Commentary: In Wake of Severe Flooding, Appreciation for a Community That Came Together


Thankful is one of the first words to come out of my mouth while discussing the January 2022 flood.

Thankful the flooding was not worse. Thankful to the countless volunteers and state, county and local employees, Office of Chehalis Basin, Lewis County commissioners, law enforcement and Lewis County Division of Emergency Management for mobilizing so quickly to keep us safe and informed.

Heavy rain and melting snow created raging rivers throughout Southwest Washington. Sadly, at least two people in Grays Harbor County lost their lives as a result of the flood waters. It’s a very sobering reminder of the power of water and continued motivation to find solutions for catastrophic flooding. It’s an issue I continue to be committed to working on in my first term as a state representative.

Sure, it may not have reached the power of 1996 or 2009; however, that does not make it any less real or painful to the 50 or more individuals and families I saw at the Centralia flood evacuation center at Centralia Middle School, or to the dozens of reported rescues, or small business owners and families with damaged property.

I am going to remain thankful while we work with state, county and local partners to improve communications, flood mitigation strategies and local processes and procedures during catastrophic flooding. There is no doubt that there are lessons to be learned and processes and procedures to improve upon. Our community has not had a major flood like this in over a decade. We saw how this flood differed from the past and we must continue to improve and find ways to mitigate flooding and keep our community safe.

I am thankful to the volunteers I saw evacuating people out of second floor apartments with ladders and trucks and the volunteers pulling occupied vehicles stuck in flood waters. We may never know the name of the neighbor who helped pump water out of the elderly couples’ home, or even all the volunteers shoveling sand, establishing a flood evacuation center and comforting people at the shelters.

Despite being cold, wet and sandy, many of us worked together to fill and deliver sandbags to businesses and homes. I saw neighborly love and support from complete strangers connected only by their will to not let the flood waters win and take their community.  Around that sand pile outside Bethel Church in Centralia, nobody took note of race, gender, religion or political affiliation.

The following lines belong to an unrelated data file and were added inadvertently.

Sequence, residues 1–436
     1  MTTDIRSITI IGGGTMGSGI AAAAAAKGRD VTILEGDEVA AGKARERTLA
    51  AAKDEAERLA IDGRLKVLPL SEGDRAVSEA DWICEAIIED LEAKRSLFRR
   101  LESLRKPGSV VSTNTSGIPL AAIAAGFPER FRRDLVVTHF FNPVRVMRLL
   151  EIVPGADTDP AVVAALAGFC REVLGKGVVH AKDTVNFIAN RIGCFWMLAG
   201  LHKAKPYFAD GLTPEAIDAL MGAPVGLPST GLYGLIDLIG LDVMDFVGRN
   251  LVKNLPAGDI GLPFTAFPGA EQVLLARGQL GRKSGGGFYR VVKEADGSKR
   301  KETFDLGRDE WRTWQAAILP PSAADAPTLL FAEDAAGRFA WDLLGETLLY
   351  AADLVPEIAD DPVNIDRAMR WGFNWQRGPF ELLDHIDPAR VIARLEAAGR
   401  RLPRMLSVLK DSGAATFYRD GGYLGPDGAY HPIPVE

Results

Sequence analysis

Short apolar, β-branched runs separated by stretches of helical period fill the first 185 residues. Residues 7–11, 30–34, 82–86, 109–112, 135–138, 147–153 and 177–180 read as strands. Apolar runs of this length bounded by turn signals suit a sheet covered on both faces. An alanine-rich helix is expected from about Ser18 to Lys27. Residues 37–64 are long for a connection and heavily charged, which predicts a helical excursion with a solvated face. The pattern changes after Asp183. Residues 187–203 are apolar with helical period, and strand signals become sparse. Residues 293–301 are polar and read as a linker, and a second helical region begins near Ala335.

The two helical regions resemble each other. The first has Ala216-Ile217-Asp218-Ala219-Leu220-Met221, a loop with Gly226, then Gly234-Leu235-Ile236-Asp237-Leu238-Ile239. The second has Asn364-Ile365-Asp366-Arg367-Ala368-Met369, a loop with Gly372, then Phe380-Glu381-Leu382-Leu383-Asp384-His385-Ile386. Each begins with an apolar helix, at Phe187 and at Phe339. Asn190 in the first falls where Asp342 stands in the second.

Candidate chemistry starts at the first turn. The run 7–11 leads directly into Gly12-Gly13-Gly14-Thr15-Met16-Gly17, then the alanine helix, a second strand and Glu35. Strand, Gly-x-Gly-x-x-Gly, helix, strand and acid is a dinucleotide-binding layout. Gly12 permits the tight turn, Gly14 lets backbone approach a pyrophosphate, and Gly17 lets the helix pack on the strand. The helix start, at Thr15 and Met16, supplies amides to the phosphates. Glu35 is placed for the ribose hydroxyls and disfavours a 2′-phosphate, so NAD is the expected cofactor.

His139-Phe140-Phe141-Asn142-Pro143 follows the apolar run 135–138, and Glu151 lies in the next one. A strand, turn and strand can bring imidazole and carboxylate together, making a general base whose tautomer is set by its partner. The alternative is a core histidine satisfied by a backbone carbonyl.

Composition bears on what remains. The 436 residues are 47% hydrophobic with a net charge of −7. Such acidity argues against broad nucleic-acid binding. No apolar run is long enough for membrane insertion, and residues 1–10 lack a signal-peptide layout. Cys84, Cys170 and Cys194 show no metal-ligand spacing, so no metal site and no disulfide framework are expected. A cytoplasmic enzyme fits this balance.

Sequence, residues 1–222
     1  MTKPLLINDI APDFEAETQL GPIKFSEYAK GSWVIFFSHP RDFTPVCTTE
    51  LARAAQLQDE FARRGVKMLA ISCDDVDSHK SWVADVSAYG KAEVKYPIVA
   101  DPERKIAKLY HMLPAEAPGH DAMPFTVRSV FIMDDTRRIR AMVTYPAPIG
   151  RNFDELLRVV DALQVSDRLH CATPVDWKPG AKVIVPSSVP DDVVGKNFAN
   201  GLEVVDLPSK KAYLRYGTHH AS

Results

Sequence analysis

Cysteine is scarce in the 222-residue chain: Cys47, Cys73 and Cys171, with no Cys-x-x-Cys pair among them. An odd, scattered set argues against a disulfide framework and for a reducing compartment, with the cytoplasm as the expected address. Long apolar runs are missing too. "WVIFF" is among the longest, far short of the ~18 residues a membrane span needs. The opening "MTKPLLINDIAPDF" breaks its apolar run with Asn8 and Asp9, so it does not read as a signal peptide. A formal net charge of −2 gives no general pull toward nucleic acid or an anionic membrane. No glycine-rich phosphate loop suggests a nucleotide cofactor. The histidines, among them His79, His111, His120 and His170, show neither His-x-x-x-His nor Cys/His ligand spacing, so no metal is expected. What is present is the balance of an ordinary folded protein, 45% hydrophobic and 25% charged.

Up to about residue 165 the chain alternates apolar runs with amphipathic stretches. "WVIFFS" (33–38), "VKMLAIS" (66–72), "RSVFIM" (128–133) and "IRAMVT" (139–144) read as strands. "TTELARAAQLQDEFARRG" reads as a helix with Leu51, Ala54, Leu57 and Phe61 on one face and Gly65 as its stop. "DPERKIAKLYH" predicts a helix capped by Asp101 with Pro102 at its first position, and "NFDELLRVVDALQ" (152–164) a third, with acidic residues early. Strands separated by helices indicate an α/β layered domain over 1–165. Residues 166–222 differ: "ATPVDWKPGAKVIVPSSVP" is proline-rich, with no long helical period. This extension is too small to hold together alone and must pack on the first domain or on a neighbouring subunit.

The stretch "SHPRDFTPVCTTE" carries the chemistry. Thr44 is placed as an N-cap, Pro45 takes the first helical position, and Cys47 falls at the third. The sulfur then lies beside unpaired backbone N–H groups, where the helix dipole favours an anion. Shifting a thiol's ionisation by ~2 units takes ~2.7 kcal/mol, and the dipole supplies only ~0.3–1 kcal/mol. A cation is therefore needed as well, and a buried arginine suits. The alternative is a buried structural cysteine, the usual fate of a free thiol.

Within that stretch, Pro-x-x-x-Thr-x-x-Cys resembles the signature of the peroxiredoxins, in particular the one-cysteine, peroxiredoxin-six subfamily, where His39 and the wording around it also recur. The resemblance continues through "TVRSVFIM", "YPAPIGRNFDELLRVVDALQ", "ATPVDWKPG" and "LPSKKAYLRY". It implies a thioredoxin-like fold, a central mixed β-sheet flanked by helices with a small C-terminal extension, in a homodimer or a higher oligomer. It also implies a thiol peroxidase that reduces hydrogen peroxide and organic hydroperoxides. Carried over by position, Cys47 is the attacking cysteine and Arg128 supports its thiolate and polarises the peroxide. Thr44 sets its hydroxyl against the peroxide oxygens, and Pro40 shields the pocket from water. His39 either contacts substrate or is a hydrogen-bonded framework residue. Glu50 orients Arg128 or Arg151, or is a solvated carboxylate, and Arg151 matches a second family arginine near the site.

It was one community with one selfless mission. 

For what I witnessed, I am thankful.

I am thankful for the American Red Cross, Lewis County Commissioner Sean Swope, Centralia School Superintendent Lisa Grant, Lewis County Manager Erik Martin, Lewis County Health Director JP Anderson, Twin Transit Director Joe Clark, Centralia Councilmember Kelly Johnston, Port Commissioners Julie Shaffley and Kyle Markstrom, and all the staff and volunteers that helped establish a flood evacuation center at Centralia Middle School. We set up cots and tents, provided food, beverages and most importantly, a safe and warm place inside the gym.

Lastly, to the Lewis County Sheriff’s Office, Chehalis Police Department, Centralia Police Department, and all the first responders that made dozens of rescues of residents: They risk their safety and lives every day for our community. During emergencies like floods, they are on the front line. I am thankful and grateful for their dedication and commitment to keeping us safe.

There is no doubt this was a team effort and there are a lot of thanks to give out. There were so many people and organizations throughout the community that need to be thanked. If you see them, thank them. Without their efforts, I am convinced the flood damage would have been worse. The community support we have for each other is matched nowhere else. That is what makes our community a unique and special place to live. Thank you.


Peter Abbarno is a Centralia-based attorney who serves as a state representative for the 20th Legislative District.